The Peached Tortilla’s Cookbook Can Make You a Dinner Party Star
Explore Asian comfort food from Tokyo to Texas
As a longtime habitué of the Peached Tortilla, I was excited to get a glimpse of Eric Silverstein's new cookbook, The Peached Tortilla: Modern Asian Comfort Food From Tokyo to Texas. More than anything else, the book reads like a behind-the-scenes guide for fans of the restaurant, and if you've ever wondered what makes their Southern Fun noodles so damn compelling (I wasn't prepared to smoke a full 4 pounds of brisket and then only use half a pound of it) or why their fried rice always has a perfect silky sheen (oyster sauce, baby, and a knob of butter), the project of excavating this culinary cabinet of curiosities is an exciting one.
The book, which is divided somewhat randomly – at first by autobiographical markers delineating different periods in Eric Silverstein's life (his young childhood in Tokyo, his mother's homestyle Chinese recipes, his father's work for KFC, and his traumatic early adolescent move to Atlanta), and then by a series of chapters devoted to various types of food – suffers from a bit of an identity crisis, never quite committing to one organizational or narrative style. Is Silverstein presenting us with a culinarily inflected personal journey, à la Roy Choi, whose 2013 cookbook-cum-memoir L.A. Son is a clear point of reference? An inspiring tale of struggle and entrepreneurial chutzpah, as evidenced by his multiple references to the six-figure lawyering job he walked away from to open the Peached Tortilla? A classical restaurant cookbook, stylishly presenting us with gorgeously unattainable, multi-step creations designed to get the overwhelmed reader back through Peached's door? Some kind of branded content, as evidenced by his weirdly assiduous use of trademark and copyright symbols throughout the text? Compounding the tonal confusion is Silverstein's language, which is pretty uneven, with incredibly personal revelations casually tossed off before he moves on to the next point of discussion. If you're someone who, like me, enjoys reading cookbooks from cover to cover, the essayistic portions of this book will likely leave you with more questions than answers.
But here's the thing: The recipes are outrageously good. I'm talking post-it-on-your-Instagram-stories good. I'm talking not-even-mad-that-the-noodles-took-two-hours good. I'll admit a few biases in this regard: I already have a hugely well-stocked pantry of Asian ingredients (gallon tin of Kadoya sesame oil, anyone?) and a bizarre fondness for wandering the aisles of MT Supermarket, without which sourcing many of the ingredients in this book would have been impossible. Still, it cost me $60 and two separate trips to two separate supermarkets to prepare to cook four recipes. The pad thai tacos, dan dan noodles, char kway teow, and #60 fried rice were all – and I cannot stress this enough – both fabulous and an enormous pain in the ass. Despite the hassle of creating them, the experience of eating them was more than worth it.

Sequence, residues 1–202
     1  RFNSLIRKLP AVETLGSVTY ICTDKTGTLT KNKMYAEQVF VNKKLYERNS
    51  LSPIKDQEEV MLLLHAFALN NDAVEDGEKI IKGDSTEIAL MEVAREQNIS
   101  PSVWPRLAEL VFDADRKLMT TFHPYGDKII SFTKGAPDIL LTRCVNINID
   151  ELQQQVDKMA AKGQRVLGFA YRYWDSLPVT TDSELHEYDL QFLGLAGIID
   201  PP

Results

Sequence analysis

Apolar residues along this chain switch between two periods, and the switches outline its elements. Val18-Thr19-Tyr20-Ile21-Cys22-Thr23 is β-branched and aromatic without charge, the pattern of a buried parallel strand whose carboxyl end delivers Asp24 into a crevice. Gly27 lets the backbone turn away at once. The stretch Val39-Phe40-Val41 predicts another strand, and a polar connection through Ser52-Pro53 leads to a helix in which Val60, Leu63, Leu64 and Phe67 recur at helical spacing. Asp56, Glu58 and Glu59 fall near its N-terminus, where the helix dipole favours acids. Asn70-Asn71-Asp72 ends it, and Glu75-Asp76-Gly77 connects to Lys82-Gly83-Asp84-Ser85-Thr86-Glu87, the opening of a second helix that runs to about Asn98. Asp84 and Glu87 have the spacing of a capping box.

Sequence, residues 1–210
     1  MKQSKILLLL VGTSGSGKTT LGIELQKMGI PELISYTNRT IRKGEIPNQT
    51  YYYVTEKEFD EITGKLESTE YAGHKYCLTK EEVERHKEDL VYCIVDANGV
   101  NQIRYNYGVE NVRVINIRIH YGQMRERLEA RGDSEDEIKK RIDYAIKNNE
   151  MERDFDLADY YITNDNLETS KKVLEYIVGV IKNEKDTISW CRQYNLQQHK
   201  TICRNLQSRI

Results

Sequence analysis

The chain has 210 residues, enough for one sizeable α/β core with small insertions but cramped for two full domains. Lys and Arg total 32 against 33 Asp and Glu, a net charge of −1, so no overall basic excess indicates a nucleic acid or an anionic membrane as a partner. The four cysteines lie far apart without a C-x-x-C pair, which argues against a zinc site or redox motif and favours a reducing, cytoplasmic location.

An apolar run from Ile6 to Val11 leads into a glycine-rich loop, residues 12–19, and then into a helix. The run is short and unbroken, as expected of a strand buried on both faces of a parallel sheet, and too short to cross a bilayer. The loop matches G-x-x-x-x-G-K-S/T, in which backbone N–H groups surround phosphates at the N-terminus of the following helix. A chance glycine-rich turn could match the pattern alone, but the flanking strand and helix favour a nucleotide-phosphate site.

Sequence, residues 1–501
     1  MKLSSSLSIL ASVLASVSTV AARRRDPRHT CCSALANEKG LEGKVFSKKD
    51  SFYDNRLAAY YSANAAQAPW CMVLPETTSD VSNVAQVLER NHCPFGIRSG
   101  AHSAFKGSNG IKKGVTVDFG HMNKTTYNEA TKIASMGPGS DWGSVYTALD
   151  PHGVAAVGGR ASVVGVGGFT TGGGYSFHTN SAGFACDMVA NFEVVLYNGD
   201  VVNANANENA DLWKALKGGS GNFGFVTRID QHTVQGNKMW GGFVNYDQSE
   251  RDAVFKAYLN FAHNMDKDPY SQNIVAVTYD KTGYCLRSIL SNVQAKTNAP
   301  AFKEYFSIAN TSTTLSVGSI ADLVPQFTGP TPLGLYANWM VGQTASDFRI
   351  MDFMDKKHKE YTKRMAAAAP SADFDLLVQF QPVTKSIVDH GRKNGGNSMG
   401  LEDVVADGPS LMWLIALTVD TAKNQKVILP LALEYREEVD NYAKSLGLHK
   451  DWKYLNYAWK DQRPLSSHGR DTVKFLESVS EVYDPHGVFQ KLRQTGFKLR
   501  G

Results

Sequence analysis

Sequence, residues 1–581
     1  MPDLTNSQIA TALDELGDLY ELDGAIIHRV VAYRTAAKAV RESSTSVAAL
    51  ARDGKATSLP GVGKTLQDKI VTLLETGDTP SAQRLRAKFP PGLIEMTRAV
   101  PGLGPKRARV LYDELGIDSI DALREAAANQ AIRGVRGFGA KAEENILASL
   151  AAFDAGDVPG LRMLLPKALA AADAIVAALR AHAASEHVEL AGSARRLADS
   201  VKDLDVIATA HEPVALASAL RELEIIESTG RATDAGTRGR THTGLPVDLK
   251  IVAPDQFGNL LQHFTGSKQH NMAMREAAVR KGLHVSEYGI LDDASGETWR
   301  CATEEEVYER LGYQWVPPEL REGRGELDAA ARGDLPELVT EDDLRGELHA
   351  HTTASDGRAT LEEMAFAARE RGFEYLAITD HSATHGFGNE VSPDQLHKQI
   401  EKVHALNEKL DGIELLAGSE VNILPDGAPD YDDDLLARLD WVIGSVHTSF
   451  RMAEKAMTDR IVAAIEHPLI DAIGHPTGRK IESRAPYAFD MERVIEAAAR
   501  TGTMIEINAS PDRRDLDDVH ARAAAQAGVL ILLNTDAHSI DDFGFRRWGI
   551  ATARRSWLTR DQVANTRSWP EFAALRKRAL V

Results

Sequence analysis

The main problem with The Peached Tortilla cookbook is that it's not really designed for home cooks. It's fascinating to get a glimpse inside Silverstein's restaurateur mind, gaining an understanding of how ingredients flow throughout his professional kitchen, but that's cold comfort to a home cook paging through so many recipes that make far too much of one perishable component. The entire salads section is a minefield of recipes that make enormous quantities of dressing that goes bad after two days, with no notes about best practices for preserving or freezing. I ran into this problem with the sauce for the pad thai tacos, which I cut in half but which still left a huge, gelatinous mountain of peanuts and shrimp paste hanging around the back of my fridge.
Throughout the book, Silverstein makes use of restaurant sourcing designed to use up excess ingredients, which works really well in that context (his commitment to reducing food waste seems commendable) but is wobblier for home cooks. A perfect example of this is Silverstein's recipe for laksa, which calls for five cups of shrimp shells, something the Peached Tortilla kitchen must have an excess of. Silverstein suggests you source these by asking your local seafood shop or supermarket fish counter if they have shrimp shells or shrimp heads on hand. I tried this – they do not. (And they will look at you like you're crazy for asking.) The book almost seems designed to expose the reader's worst culinary sins. Are you sloppy in your measurements? Tough luck, everything's in ounces. Are you a precision-minded rule follower? Many of the recipes I tried left out one or more steps, leaving me to guess at, say, how I should chop the fish cakes and sweet sausage in the char kway teow.
The upside to all this inconvenience is that when you actually do manage to complete the many-step process of preparing one of Silverstein's recipes, you feel like an absolute legend. All the fiddly little touches he insists on (creating both rice puffs and pickled onions to top that fried rice, say, or the multitude of thinly sliced meats in the char kway teow) combine to create technique-focused, precise recipes that will make you a dinner party star. Unless you are, like me, a certifiably crazy person, these are not recipes designed for a casual weeknight – Silverstein's culinary focus is firmly set to stun. Cooking from The Peached Tortilla reminded me of dating the guy all your friends tell you is wrong for you: It's time-consuming, exhausting, and surprisingly expensive. But damn, it feels so good.
Eric Silverstein’s The Peached Tortilla: Modern Asian Comfort Food From Tokyo to Texas (Sterling Epicure, 256 pp., $27.95) hits stands May 7.
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